Today is Armistice Day in the UK, known as Remembrance Day in some countries and Veterans Day in the USA. The symbol for remembrance in the UK is the red poppy, thus my photo above.
The following are simply bits and pieces I found in a case, when my mother died, appertaining to the world wars.
My dad didn't pass the fitness examination to join up for World War II, so he did his bit in the Civil Defence and below is the certificate he was given when the war was over.
The following is a letter I have published before. It's informing my Aunt Ella that her fiance had been killed in action. It's not that clear but it reads:
|Ella English & Leslie Moat|
I am so grieved for you to hear the War Office report that Sapper Leslie William Moat, 2008731, The Royal Engineers (1st Parachute Squadron), is now presumed to have been killed in action.
It seems so hard that you should have this distressing news after all your anxiety, and I beg you will accept the very deep sympathy of everyone in this Department on your sorrow.
Aunt Ella never married.
The sketch below is from an Uncle's autograph book. It is dated 1932 with the caption 'Lest We Forget' and was remembering World War I.
Next is a letter to a relative saying he had deferment from Military Service, during World War 2 as he was doing important, necessary work in England.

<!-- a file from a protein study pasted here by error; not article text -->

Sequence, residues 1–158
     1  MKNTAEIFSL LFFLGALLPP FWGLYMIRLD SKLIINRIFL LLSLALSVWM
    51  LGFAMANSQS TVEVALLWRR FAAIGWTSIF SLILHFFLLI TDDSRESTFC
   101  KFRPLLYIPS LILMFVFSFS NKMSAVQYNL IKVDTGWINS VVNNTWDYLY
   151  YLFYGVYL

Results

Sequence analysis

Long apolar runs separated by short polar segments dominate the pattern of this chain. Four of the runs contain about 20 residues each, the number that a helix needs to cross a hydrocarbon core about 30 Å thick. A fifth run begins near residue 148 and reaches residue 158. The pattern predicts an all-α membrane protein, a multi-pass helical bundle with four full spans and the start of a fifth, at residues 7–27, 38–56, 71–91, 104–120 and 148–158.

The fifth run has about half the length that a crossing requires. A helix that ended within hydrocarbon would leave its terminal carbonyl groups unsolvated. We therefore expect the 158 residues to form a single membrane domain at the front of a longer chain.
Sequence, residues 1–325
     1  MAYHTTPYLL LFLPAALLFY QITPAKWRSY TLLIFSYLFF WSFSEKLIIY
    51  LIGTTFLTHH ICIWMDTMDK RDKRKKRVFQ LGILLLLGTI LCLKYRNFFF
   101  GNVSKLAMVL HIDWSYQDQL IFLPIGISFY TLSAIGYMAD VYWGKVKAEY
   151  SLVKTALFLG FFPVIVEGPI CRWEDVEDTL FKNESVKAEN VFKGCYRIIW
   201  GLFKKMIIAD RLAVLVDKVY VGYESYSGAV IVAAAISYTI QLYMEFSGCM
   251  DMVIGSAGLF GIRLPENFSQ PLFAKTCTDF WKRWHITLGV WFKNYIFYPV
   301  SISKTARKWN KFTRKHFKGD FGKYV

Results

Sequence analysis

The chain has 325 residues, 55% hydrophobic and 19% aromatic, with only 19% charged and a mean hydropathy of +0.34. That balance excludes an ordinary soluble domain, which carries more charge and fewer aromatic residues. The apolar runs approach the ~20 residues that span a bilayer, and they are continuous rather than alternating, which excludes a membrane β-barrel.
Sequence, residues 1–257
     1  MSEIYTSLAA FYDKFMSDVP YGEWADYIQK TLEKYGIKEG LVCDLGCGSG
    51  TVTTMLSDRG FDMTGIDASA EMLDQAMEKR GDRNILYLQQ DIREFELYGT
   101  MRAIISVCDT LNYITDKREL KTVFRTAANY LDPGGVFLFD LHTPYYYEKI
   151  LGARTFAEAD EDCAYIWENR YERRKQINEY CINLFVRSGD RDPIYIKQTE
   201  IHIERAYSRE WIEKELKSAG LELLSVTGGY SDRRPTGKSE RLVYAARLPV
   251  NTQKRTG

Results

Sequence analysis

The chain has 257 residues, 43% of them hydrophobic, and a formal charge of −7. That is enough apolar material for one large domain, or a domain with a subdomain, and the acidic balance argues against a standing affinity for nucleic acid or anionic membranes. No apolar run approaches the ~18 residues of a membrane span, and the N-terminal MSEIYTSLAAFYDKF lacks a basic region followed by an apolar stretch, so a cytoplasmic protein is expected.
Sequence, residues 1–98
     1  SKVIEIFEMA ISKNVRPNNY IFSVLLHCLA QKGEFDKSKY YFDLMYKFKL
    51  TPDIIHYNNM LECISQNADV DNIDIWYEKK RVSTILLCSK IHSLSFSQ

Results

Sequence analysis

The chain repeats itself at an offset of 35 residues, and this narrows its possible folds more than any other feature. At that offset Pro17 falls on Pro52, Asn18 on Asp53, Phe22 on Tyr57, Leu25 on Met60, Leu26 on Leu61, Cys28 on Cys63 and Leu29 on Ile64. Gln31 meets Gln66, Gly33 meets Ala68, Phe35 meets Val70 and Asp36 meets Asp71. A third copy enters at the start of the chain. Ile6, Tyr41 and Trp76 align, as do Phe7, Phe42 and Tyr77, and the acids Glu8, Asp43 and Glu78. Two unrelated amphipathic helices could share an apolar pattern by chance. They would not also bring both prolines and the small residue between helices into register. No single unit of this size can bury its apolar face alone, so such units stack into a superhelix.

A newspaper from 1945: VE-Day.
The photo is of VE-Day celebrations. There's a note which says: "Cheering crowds were so thick in and around Piccadilly Circus, London last night that the traffic came to a standstill."
For my mother to have retained these bits and pieces they must have been meaningful to her.
I am far removed from being a military person but I feel emotional about the things others have gone through, and for all those lives cut short.
You are so fortunate you have these things. I have so many never to be answered questions from a father passed on, now lost in time forever.ReplyDelete
A good tribute and love the photo. Those papers and letters tell us more than a lot of history books. At 11:11 our office stopped for the 2 minutes silence.ReplyDelete
An interesting and tragic slice of history in those papers and letters, Mike.ReplyDelete
I still have a large painting my Grandfather did of poppies. He was too young to go to war but lost five of seven brothers overseas. It hangs in the bedroom where my Grandmother would sleep when she'd come to visit during her final years. It takes up the wall over the headboard.ReplyDelete
Reading the various tributes on many blogs reminds me of how much pain my Grandfather must have felt. Loss touches everyone.
Thank you, Mike.